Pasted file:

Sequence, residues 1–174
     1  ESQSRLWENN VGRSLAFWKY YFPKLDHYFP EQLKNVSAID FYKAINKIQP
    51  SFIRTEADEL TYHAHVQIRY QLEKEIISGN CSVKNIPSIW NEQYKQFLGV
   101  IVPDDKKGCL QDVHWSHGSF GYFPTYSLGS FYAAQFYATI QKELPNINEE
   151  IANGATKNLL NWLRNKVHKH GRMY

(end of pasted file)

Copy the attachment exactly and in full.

Sequence, residues 1–174
     1  ESQSRLWENN VGRSLAFWKY YFPKLDHYFP EQLKNVSAID FYKAINKIQP
    51  SFIRTEADEL TYHAHVQIRY QLEKEIISGN CSVKNIPSIW NEQYKQFLGV
   101  IVPDDKKGCL QDVHWSHGSF GYFPTYSLGS FYAAQFYATI QKELPNINEE
   151  IANGATKNLL NWLRNKVHKH GRMY